Research: Part 3

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The disadvantage of not simply collapsing into unconsciousness, I discover the next morning, is that my brain has the time to sift through everything that’s happened and cudgel me with it.  All night long, an endless parade of ape-men cowered before me and begged for their lives as I killed them in a hideously inventive number of ways.  With many of them, the hair fell away from their faces just before I landed the final blow, and I looked into their human eyes and human expressions and saw fear there.  It made me feel sick, and it made me feel good, too – which made me feel sick as well.

So my sleep wasn’t exactly what you’d call restful.  On the other hand, waking up to no voicemail from Edgar is extremely refreshing, and another long shower does a lot to clear out the nightmares.  I try wrapping my cast in a trashbag for this shower, and rubber-banding it shut at the top; it basically works, but if I try to put any weight on it, the trashbag slips on the wet tub floor, and my leg starts to tingle by the end of the shower.  It’s differently obnoxious than taking a shower with my leg sticking out, but not necessarily better.  I conclude that the whole situation stinks and resolve to simply heal as quickly as possible.

That reminds me to start my power-checking regimen.  I prick my finger with a sewing needle in case the super-healing has kicked in, but no dice; it bleeds like normal.  I cross “invulnerable” off the list with that one, too.  The whole list takes about half an hour to come up completely negative, during which time anyone watching would have had me committed.  I’m pretty sweaty by the end, too, and I realize that superpowers or not, I should really get out of the house more often and get some exercise.

The cast gives me a decent excuse to put that off for a bit, at least, and instead I boot up my computer and start looking for Aaron Lovell.  I find a bunch of stuff that’s clearly not him, based on location.  One of them is a mixed martial arts fighter from England, and I consider how much worse off I would have been if I’d had to deal with that Aaron Lovell.  These guys haven’t seemed that smart, but muscle memory alone probably would have let him lay me out.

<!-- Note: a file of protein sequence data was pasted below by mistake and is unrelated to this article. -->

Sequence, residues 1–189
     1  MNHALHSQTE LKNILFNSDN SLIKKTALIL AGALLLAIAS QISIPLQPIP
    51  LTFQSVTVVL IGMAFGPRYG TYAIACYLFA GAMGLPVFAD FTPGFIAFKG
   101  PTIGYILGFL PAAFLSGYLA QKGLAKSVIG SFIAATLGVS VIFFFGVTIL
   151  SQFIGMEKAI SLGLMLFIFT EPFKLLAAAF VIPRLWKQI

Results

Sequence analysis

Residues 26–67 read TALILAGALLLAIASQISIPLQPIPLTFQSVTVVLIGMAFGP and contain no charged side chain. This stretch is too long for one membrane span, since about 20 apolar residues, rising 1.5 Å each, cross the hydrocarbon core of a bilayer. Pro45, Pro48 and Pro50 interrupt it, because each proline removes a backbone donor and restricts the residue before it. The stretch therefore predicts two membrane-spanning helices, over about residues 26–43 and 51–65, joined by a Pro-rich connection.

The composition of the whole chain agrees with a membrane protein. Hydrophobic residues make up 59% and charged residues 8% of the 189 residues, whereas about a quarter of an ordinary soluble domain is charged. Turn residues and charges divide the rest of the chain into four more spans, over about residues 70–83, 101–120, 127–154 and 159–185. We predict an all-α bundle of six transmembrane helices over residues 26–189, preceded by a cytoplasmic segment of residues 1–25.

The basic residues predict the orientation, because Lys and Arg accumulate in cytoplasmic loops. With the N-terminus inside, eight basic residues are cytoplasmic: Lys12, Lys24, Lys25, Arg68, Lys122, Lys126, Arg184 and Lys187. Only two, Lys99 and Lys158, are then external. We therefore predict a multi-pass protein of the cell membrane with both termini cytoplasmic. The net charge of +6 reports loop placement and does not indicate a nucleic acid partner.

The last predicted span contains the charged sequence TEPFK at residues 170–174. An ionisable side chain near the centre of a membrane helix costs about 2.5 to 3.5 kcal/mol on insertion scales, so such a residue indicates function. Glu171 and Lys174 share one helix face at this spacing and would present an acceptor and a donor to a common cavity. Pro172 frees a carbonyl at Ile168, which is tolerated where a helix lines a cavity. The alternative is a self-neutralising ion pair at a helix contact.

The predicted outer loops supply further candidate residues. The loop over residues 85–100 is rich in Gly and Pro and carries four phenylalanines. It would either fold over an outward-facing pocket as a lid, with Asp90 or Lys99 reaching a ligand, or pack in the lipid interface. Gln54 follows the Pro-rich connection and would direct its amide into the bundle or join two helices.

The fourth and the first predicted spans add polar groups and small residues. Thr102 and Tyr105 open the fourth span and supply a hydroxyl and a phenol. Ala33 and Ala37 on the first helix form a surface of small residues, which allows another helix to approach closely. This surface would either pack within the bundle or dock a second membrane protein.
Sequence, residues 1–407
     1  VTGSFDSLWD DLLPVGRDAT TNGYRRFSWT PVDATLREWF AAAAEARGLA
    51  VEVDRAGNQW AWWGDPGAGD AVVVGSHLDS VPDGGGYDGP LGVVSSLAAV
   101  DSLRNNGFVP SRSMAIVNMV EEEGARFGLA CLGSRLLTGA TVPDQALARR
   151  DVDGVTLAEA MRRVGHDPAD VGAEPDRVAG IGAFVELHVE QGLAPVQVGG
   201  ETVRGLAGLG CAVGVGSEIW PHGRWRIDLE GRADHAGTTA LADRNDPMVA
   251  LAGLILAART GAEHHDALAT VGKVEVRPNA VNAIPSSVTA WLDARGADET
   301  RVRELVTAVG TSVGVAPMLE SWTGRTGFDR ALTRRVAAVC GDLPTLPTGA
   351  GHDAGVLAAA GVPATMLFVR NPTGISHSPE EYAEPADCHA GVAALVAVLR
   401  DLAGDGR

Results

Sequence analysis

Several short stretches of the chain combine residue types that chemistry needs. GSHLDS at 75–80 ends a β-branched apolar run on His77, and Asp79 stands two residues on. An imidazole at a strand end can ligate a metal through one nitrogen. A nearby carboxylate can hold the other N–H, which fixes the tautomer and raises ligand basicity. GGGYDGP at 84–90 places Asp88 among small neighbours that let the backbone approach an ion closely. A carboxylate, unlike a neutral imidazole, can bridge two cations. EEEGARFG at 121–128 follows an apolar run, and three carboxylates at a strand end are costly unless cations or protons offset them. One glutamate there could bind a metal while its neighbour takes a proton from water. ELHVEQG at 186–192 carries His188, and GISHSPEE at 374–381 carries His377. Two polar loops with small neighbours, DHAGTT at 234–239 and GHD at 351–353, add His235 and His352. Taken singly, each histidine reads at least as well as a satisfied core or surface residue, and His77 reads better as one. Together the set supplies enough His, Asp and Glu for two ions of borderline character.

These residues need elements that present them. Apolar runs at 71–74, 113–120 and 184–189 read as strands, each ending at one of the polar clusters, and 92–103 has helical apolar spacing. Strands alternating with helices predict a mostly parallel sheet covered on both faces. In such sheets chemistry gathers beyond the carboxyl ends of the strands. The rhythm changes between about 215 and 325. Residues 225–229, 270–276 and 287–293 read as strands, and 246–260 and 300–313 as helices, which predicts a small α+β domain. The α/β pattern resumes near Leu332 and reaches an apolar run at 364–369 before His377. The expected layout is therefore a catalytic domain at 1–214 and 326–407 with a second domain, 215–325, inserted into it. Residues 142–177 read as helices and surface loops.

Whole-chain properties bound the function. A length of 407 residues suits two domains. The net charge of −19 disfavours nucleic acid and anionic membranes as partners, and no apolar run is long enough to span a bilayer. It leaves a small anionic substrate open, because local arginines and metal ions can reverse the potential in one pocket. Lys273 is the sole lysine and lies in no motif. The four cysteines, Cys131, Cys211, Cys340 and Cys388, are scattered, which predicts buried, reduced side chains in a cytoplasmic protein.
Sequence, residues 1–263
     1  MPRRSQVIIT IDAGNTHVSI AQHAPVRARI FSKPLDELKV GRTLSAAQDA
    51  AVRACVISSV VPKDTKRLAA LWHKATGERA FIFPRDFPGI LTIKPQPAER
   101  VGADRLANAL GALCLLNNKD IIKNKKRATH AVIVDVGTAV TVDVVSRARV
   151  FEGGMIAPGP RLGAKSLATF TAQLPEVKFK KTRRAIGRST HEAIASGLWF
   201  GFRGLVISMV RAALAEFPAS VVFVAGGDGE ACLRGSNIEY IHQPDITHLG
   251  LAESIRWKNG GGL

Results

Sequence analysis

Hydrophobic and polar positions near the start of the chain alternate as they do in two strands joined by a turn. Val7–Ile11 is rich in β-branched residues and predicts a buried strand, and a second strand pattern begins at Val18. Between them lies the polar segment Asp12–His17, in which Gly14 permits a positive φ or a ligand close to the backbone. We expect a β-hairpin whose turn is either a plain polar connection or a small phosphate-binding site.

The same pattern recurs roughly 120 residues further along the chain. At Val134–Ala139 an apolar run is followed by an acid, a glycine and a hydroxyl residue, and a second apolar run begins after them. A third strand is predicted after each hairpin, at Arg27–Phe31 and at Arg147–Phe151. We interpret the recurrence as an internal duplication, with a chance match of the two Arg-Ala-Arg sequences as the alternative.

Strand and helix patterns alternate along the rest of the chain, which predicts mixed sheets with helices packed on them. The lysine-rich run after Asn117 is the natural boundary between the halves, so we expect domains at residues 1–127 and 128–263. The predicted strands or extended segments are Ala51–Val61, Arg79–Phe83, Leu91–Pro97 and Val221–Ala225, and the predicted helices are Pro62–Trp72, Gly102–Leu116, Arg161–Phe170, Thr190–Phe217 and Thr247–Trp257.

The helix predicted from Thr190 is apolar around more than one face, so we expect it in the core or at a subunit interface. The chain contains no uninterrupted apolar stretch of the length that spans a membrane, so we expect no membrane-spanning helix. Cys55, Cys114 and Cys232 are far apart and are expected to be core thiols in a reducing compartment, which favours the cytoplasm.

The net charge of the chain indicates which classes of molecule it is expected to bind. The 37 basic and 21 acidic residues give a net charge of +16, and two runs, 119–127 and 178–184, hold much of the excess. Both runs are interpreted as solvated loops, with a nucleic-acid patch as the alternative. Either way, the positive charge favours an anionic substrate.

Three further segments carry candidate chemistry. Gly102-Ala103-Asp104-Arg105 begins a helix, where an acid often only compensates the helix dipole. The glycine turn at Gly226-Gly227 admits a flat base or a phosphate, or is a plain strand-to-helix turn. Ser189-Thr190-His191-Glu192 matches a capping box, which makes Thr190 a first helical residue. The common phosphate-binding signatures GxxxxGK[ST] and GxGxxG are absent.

A few entries down, I come across a LinkedIn profile for an Aaron Lovell in my city, and learn that he was an advertising executive.  He looks like your standard late-forties suit: glasses, bald head with a fringe of short hair at the sides, pressed shirt and tie, slightly weird smile.  Absolutely nothing like the monster that came at me, in other words.  I dig around some more and find his Facebook page, though, and people are posting “I’ll miss you, man” messages, so it’s definitely him.  His profile picture is him with a woman of his age and a young teenage boy standing in front of them.

I’d really been hoping that he didn’t have a family, that he was some renegade weirdo living off in the woods alone.  I knew it wasn’t likely, but still, seeing that photo hurts like someone’s just slapped me.  My face goes cold and my whole head rings for a second, and I can hear my blood in my ears as my heartbeat spikes for a few seconds.  Weirdly, the sensation isn’t that far off from the all-over ice cream headache I got right before the attack.  It’s definitely not the same, though.  That was just physical discomfort.  This is guilt; guilt and fear.

I’m not usually an emotional guy, so maybe I don’t deal with this as well as I should.  I guess a good technique would be to take some time to analyze what I was feeling, consider the root causes, examine where they have rational bases versus irrational ones.  But given that it took a dose of genius juice for me to realize that the reason I didn’t like my boss was that I was afraid I was going to become him, you can probably figure that that is not how I handle the situation.

No, I get angry.  Angry at myself for feeling scared and guilty, angry at whomever is doing this to me, angry at the universe for allowing it.  I slam my laptop shut and stomp around my house for a while without the assistance of the crutches, enjoying the ache in my foot in a perverse sort of way.  The pain is satisfying.  It’s got a tangible, addressable source, unlike everything else I’m dealing with right now.  I’m just about to progress from banging around to yelling rhetorical questions at the furniture when my phone buzzes.  I check it to see a text from an unknown number that says only, “Jonathan Caraway.”